Item description for A Well-Tempered Mind: Using Music to Help Children Listen and Learn by Peter Perret, Janet Fox & Maya Angelou...
Peter Perret, conductor of the Winston-Salem Symphony, chronicles in A Well-Tempered Mind how a brief NPR feature about music and the brain inspired him to create an innovative music education program for first- through third-graders at two elementary schools in Winston-Salem, North Carolina. The musicians from his woodwind quintet taught the children to listen to music, detect the roles of the instruments, discern how music is constructed, and even compose their own music.
The effects of the quintets intervention reached beyond the music classes and carried into other academic subjects as well, resulting in a significant improvement in the childrens scores on annual state tests. A Well-Tempered Mind describes how the children and musicians worked together, and explores the brain research that seeks to understand how music engages the brains cognitive capabilities ranging from memory and language and emotional processing.
Perrets Bolton project inspires a host of tantalizing questions such as: Does music physically change the brain? Can music help kids with short attention spans, dyslexia, and other learning difficulties? Does music influence the cognitive abilities needed for reading and math? Perrets engaging and candid narrative, previously featured in Symphony Magazine, tells of a fascinating journey of discovery into the complexities and intricate workings of the human brain. Further, it opens the door to new and exciting opportunities for education, in its demonstration of how music can be a universal language that expands young minds in unforeseen ways.
A Well-Tempered Mind demonstrates that by working together, we can make a difference in our children's lives and replace cultural bankruptcy with a full pocket of good music. Lord knows we need it."---Wynton Marsalis, Artistic Director of Jazz at Lincoln Center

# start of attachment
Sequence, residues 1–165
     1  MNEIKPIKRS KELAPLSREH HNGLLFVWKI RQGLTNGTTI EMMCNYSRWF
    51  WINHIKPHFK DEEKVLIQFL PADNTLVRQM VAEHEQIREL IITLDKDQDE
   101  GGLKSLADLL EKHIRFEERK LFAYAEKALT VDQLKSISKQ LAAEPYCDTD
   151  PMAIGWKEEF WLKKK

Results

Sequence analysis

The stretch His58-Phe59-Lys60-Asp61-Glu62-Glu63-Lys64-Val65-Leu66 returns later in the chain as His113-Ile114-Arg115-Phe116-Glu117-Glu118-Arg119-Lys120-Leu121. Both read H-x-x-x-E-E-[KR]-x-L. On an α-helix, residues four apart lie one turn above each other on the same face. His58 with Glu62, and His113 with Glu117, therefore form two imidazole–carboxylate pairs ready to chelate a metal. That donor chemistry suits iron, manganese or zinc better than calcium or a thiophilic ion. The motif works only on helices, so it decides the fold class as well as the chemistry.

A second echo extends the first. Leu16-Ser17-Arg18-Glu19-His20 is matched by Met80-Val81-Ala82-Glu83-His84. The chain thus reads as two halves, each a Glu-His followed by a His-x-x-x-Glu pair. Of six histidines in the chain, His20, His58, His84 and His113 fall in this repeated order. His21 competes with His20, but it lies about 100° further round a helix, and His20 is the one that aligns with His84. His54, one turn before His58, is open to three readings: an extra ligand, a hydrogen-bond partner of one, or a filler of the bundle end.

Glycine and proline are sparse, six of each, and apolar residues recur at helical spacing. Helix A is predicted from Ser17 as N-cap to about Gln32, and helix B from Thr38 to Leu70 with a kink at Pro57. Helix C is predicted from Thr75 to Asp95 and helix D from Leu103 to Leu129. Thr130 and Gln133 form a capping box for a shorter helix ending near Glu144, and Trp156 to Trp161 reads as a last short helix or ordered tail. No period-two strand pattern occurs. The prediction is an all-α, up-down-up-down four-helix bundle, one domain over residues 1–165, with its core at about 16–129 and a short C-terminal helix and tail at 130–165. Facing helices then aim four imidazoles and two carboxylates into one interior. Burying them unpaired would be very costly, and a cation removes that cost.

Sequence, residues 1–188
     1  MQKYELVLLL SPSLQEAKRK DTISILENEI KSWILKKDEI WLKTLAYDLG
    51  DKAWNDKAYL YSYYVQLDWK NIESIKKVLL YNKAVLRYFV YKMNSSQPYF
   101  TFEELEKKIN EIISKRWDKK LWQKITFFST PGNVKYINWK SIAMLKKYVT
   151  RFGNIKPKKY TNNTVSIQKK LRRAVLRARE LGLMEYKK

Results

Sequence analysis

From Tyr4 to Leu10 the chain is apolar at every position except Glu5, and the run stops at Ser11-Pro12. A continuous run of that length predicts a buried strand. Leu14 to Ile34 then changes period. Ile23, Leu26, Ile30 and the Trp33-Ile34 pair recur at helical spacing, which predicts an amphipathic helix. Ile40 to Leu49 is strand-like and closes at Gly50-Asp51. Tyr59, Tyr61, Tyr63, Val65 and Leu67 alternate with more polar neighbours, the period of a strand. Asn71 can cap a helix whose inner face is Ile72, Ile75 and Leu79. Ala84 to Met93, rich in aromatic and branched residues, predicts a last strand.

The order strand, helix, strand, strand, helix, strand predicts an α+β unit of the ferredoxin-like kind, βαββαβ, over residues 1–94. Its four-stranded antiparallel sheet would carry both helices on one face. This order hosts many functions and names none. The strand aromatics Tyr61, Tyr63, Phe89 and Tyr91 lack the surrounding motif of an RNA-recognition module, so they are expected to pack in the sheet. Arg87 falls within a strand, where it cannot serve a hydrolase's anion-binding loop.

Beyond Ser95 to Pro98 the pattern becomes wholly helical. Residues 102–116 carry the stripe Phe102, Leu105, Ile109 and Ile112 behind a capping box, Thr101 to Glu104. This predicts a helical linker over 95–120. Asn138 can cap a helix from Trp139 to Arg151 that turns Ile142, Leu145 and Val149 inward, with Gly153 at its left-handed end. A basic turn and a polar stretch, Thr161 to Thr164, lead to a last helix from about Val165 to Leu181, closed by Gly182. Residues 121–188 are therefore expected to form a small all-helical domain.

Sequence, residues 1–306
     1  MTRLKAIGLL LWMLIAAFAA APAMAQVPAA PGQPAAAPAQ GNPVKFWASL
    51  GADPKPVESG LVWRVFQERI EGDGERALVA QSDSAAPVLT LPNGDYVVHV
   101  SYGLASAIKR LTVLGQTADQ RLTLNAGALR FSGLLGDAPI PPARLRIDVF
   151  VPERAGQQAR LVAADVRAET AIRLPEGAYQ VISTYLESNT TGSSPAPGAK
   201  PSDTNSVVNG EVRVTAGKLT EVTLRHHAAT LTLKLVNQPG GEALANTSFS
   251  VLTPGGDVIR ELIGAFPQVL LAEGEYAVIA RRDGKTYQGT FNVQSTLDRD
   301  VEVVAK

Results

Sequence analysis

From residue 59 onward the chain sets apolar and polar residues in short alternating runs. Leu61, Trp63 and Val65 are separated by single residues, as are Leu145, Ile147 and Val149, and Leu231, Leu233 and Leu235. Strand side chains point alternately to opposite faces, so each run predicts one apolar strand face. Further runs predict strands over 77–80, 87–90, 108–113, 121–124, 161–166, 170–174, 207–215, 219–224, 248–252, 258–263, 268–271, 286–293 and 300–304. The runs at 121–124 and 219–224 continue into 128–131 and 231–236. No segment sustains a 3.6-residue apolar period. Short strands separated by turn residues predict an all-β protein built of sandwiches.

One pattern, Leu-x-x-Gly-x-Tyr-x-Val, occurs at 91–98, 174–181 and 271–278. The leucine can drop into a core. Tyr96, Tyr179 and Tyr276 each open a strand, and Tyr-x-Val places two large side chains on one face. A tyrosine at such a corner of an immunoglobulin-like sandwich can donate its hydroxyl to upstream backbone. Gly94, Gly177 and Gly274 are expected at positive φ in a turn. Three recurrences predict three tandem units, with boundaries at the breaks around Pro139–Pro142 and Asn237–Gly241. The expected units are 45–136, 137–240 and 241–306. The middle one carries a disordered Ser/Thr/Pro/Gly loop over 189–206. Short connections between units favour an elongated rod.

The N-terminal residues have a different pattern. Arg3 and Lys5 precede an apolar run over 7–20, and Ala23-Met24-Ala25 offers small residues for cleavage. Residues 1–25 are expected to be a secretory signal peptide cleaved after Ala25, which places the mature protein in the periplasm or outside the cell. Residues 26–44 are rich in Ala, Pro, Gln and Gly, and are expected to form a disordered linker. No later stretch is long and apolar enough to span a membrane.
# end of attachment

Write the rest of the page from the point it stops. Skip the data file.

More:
This book should persuade parents and administrators to give education in music its deserved high priority in the schools under their care.---Walter J. Freeman, M.D., professor in the Graduate School Division of Neuroscience, Department of Molecular and Cellular Biology, University of California at Berkeley
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Est. Packaging Dimensions: Length: 1" Width: 6" Height: 9" Weight: 1.25 lbs.
Release Date Oct 1, 2004
Publisher Dana Press
ISBN 1932594035 ISBN13 9781932594034
Reviews - What do customers think about A Well-Tempered Mind: Using Music to Help Children Listen and Learn?
The Well - Tempered Mind Sep 20, 2004
Peter Perret and Janet Fox have made a worthy contribution to education by telling a story of how music can affect children's ability to learn, to listen and to raise their overall performance in school. This book explores the way musicians teach and the way children and teachers learn from the activities described in the ground-braking Bolton Project in Winston Salem, NC. The writing is engaging and humorous, but also serious and well researched. The book touches on different models of teacher-student relationship, creative approaches to learning, and the sense of vocation and commitment to continuous improvement. It focuses on the realities of the present moment and the sense of accomplishment that results when there is passion for excellence. The book also touches on some important questions on whether music instruction affects our cognitive abilities, and gives the reader a good overview on the research that has been going on for the last fifteen years. It tantalizes the reader to know more about the subject and makes a good case for adopting new teaching models through music instruction in the early school years. I highly recommend this book to teachers, parents and to anyone who is interested on new models for effective teaching. Patricia A. Dixon Lecturer in Music Wake Forest University
Well-Tempered Sep 19, 2004
A Well-Tempered Mind, Using Music to Help Children Listen and Learn by Peter Perret and Janet Fox with a foreword by Maya Angelou March 2004, Dana Press
"That is what I think the woodwind quintet is doing. Our musicians are playing to a fundamental language of the brain. They are evoking a muse that already lives in every child's head."